- When are they willing to move forward with their project? If they are not committing within the next three or six months, what is keeping them from moving forward?
- Price being a top priority today, what concessions are buyers willing to make to realize the project for the budget they have in mind? Are they willing to take on some of the demo work, protection or clean up to realize their project?
All of this information is a key to formulating your plan for a new direction. Next, conduct a SWOT analysis to determine current strengths and weaknesses that may have an effect on the changes you are planning to make. SWOT is an acronym for Strengths, Weaknesses, Opportunities and Threats. It is a simple way to evaluate your current situation and to give weight to your priorities.
What do you do well that can easily transition into this new niche? How can these strengths help you leverage a competitive advantage over the next six months and in the coming year? What other factors outside of the economy are contributing to your losing business? Is it a weak marketing plan? Do you require more sales training? Has reducing staff affected our ability to respond effectively to our clients? These weaknesses must be fixed if your new plan is going to be effective. In developing your plan, make sure you also gauge what the competition is selling. This is particularly important if you have lost market share to a competitor.
Armed with this information, shape or develop your unique selling proposition or USP. Your new service or niche should be one that resonates with your buyers and generates the profits your business requires to grow. Maybe you elect to integrate a tiered pricing system (good, better, best) that aligns particular products, materials, level of customer service and quality with the buyer’s budget. Alternatively, you may choose to create a series of bathroom renovation packages that do not require design, eliminates the homeowner selection process, and gives you the ability to sell at a competitive price while yielding strong profit margins.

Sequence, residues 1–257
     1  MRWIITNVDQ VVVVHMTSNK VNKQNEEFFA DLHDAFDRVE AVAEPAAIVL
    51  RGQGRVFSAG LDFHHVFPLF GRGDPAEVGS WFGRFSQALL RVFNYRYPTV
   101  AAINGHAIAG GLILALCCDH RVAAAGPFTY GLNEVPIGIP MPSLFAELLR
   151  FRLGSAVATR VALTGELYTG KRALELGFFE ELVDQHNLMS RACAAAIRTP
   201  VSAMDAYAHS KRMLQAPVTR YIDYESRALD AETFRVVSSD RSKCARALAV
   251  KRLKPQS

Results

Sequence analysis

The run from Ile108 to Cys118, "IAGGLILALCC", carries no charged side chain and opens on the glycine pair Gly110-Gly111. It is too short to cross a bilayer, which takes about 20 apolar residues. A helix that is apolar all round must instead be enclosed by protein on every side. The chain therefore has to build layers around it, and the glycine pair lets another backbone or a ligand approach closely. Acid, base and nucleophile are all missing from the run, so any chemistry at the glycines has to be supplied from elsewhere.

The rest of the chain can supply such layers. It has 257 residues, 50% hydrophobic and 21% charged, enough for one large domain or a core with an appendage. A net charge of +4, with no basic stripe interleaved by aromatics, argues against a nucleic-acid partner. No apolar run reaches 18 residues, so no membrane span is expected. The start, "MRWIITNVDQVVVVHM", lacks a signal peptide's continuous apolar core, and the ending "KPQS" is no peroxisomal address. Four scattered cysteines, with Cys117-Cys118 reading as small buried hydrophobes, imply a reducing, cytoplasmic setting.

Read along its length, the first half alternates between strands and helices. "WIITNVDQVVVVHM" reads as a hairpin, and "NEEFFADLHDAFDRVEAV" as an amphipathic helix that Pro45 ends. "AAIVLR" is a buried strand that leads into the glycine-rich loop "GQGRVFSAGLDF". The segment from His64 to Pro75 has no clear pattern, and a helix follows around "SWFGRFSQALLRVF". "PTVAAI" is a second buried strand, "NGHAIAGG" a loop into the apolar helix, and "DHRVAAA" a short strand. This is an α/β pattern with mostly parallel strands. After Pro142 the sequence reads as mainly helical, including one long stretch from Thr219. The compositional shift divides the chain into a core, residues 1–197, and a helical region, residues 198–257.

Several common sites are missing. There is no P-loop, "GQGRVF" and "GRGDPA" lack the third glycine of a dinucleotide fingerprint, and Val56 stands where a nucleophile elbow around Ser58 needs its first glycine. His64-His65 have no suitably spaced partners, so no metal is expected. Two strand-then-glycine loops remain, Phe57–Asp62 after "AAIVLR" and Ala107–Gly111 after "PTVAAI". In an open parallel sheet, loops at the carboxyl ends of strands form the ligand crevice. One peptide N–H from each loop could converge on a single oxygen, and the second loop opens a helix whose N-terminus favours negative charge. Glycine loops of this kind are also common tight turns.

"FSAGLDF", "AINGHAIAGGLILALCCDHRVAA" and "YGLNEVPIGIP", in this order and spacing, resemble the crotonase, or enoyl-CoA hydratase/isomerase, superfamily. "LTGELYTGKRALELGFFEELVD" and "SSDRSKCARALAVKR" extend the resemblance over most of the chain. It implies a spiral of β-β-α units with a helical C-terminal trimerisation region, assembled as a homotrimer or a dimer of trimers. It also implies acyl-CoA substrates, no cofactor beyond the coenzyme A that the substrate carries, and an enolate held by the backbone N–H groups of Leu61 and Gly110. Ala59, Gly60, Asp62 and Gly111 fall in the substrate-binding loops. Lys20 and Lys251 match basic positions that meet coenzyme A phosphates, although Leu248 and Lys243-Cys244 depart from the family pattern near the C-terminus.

Here’s an example of an idea that may work today. Let’s say that your company decides to take advantage in the strong and growing interest in green remodeling and to devote much of its focus to producing green kitchen projects.
Upon determining your new direction, lay out a strategy for the next six months that quickly begins to generate leads and builds awareness about the new you. Develop a new marketing and sales strategy that will support your new plan. Make sure your marketing is fresh and stands out from the competition. Stay away from the usual brand-promise messages such as, “we deliver quality craftsmanship, professional service, and a reliable team.” Buyers see these often and come to expect it from everyone. Make a statement that will get the buyer’s attention. Something unique would be “Raleigh’s Only All Green Deck Builder.” The buyers know whom they have to call if they truly want a total “green” deck. Tweak your Web site, newsletters and other marketing materials as needed to convey your new service or product.
Once your plan has been pulled together, establish three to five initiatives for the first month, three-month and six-month cycles. Make sure these initiatives will ensure you reach your desired outcome. If at the end of the first month you have not met your critical numbers, re-assess your initiatives. The key is to test, test, test all the way through the plan. An effective short-term plan will be one that produces the results you set out to achieve and reward you and your team with new clients and exciting projects. By testing new ideas and constantly monitoring the results, you will have the best chance of finding new offerings that will help your firm hit its objectives.